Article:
Baca, George. “Sidney W. Mintz: From the Mundial Upheaval Society to a Dialectical Anthropology.Dialectical Anthropology 40 (2016): 1–11.

From the Introduction: Sidney Mintz (11/25/22–12/25/15) represents the passing of the final member of the distinguished group of anthropologists who formed the “Mundial Upheaval Society” (MUS) during the late 1940s at Columbia University. Though Mintz had the privilege of studying with great anthropological minds, of the likes of Ruth Benedict and Julian Steward, fellow graduate students stoked his passion for anthropological theory and ethnographic fieldwork. Indeed, the membership of the group was impressive, including such luminaries as Eric Wolf, Stanley Diamond, Morton Fried, John Murra, Robert Manners, Robert Murphy, and Elman Service. Continue reading

Articles: Cumulative List

Aiello, Leslie C. “The Wenner–Gren Foundation: Supporting Anthropology for 75 Years.” Current Anthropology 57, no. Supplement 14 (2016): S211–17.

Author’s Abstract: The Wenner–Gren Foundation is celebrating its 75th anniversary in 2016. It was founded in 1941 with an endowment of approximately US $165 million. Wenner–Gren has never been a large foundation in the sense of Rockefeller or Mellon, but it has had a disproportionate impact on the field of anthropology. The foundation and the field have in essence grown up together. Wenner–Gren preceded the other major US funder of anthropology, the National Science Foundation, by almost two decades and, through its grants, fellowships, sponsored symposia, and publications, has always been there for anthropology. Continue reading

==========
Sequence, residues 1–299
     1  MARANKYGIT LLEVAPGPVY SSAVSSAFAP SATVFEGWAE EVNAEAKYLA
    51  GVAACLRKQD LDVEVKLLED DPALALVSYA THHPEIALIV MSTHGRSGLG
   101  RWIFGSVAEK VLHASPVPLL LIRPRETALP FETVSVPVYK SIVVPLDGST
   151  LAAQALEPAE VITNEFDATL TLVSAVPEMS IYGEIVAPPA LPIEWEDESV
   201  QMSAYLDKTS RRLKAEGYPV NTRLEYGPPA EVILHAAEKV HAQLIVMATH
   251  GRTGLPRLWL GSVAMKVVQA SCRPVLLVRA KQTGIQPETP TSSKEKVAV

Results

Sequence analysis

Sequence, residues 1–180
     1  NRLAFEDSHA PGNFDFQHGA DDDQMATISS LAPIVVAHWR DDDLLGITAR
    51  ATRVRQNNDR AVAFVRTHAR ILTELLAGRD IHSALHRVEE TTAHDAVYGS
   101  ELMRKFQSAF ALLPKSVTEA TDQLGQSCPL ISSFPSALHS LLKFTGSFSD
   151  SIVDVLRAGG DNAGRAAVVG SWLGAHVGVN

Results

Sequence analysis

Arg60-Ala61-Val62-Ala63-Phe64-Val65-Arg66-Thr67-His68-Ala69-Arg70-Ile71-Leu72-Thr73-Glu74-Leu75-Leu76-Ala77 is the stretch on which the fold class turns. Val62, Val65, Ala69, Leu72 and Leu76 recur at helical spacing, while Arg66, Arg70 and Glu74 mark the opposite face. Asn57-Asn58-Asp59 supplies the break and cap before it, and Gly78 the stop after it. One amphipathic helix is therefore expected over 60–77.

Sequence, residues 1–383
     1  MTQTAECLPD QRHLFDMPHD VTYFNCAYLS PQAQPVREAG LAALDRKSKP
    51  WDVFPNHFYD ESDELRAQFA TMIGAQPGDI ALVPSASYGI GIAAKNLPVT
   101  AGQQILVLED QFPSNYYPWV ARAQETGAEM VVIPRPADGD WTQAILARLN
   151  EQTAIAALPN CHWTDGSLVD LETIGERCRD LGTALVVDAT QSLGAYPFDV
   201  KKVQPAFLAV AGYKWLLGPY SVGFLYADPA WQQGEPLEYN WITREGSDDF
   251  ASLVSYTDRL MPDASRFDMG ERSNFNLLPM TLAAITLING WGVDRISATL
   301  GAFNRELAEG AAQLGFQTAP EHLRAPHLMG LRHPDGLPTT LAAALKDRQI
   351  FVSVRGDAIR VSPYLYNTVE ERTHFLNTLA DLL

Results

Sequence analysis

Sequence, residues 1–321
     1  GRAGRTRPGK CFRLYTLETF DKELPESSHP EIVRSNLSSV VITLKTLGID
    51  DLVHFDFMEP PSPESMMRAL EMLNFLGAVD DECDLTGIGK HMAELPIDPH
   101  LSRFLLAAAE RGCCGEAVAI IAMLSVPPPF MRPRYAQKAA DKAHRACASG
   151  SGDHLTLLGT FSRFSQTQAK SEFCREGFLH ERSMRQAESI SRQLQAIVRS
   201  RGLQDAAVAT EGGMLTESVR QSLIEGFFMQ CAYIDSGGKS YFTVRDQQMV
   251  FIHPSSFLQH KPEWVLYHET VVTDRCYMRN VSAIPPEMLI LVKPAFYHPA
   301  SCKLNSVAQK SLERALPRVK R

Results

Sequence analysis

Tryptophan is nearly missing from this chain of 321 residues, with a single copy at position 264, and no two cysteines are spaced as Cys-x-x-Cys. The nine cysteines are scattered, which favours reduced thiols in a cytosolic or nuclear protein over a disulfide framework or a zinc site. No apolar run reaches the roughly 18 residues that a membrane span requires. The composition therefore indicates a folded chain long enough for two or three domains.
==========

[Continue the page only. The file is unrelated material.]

‘Mohawk Interruptus’ by Audra Simpson

Audra Simpson. Mohawk Interruptus: Political Life across the Borders of Settler States. 280pp., 4 illus., app., notes, refs., index. Durham: Duke University Press, 2014. $89.95 (cloth), $24.95 (paperback)

Audra Simpson’s Mohawk Interruptus: Political Life across the Borders of the Settler States (2014) explores the complexities of Mohawk sovereignty along the U.S.-Canadian border offering critical insights into the fraught past and present relationships between Indigenous and settler societies. Focusing on Kahnawà:ke, a Mohawk Indian reserve located in present-day Canada with ties to the Iroquois Confederacy whose territories interrupt the current settler-colonial nation-state border, Simpson begins her inquiry with three interdigitating claims that reemerge throughout the book. First, Simpson challenges readers to see that a sovereign entity can exist within another (10). This “nested” conception of sovereignty compels us to recognize that when Indigenous political orders prevail in the present, they do so, seemingly paradoxically, “within and apart from settler governance” (11). Second, Simpson offers a critique of the dominant and narrow politics of recognition that confines Indigenous peoples and their rights to essentialized and discernable forms of cultural difference (11, 20). Throughout the book, we see cases in which Mohawk peoples “refuse” this paradigm and the inherent power asymmetries that it works to reproduce and naturalize.

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Archival Developments

Our ability to explore the history of anthropology in a substantive and empirical manner hinges upon access to primary and secondary source material. Since HAN was established in 1973, anthropologically relevant archives have gone through multiple material transformations that shape the way we do the history of anthropology.  Today an anthropological archival collection might be fully digitized, however it remains much more likely that only parts of it or only a detailed description of its contents are accessible online. For those readers less familiar with archival collections and how to locate and access them, some basic resources and strategies might be useful.